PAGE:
1. The UK's Extradition Act 2003 was designed to deal with so called 'terrorist suspects'.
Any British subject could end up in a US prison.
The Extradition Act has been applied in cases where terrorism has not been the main concern.
Under the act, America authorities are able to demand a Briton's extradition without having to provide evidence.
Some people might think that the UK Parliament appears to be a tool of the US government
2. Some people may now regard the European Court of Human Rights as being a tool of the Pentagon and the CIA.
( Hacker McKinnon loses appeal against extradition to US )
Gary McKinnon, a British computer nerd, hacked into dozens of US military computers.
He demonstrated that their security systems were 'crap'.
In 2002, he was caught as he tried to download what he thought was a photograph of an alien spacecraft from a Nasa computer.
He was easily caught because he used his own email address.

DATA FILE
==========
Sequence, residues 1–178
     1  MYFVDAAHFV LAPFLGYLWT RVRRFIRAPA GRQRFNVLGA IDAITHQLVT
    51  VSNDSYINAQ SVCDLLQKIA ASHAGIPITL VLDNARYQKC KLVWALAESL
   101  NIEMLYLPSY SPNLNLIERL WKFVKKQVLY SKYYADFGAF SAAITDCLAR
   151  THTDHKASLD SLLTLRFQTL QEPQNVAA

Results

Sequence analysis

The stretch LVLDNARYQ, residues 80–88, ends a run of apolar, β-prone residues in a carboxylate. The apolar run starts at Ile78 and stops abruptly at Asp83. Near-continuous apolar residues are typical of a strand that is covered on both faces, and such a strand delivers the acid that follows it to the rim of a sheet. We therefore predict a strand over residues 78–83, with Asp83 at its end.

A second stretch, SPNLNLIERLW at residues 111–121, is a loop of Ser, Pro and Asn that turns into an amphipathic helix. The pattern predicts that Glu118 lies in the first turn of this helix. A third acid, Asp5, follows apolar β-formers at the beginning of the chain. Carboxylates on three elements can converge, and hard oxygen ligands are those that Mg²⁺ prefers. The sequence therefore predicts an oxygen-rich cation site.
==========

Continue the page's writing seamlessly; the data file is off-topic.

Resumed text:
The US government, the government alleged to be behind most acts of terrorism such as the Lockerbie Bombing and 9 11, insists that McKinnon be extradited to the USA.
The UK House of Lords turned down McKinnon's appeal.
On 28 August 2008, McKinnon lost his appeal to the European court of human rights.
3. If extradited, McKinnon faces up to 70 years in prison.
He could be given 'enemy combatant' status, like the 'innocents' at Guantánamo Bay.
If the US government was behind the Lockerbie Bombing and 9 11, then some might argue that we should be grateful to people hacking into Pentagon computers.
It seems though that Gary McKinnon was looking for aliens rather than evidence of alleged Pentagon crimes.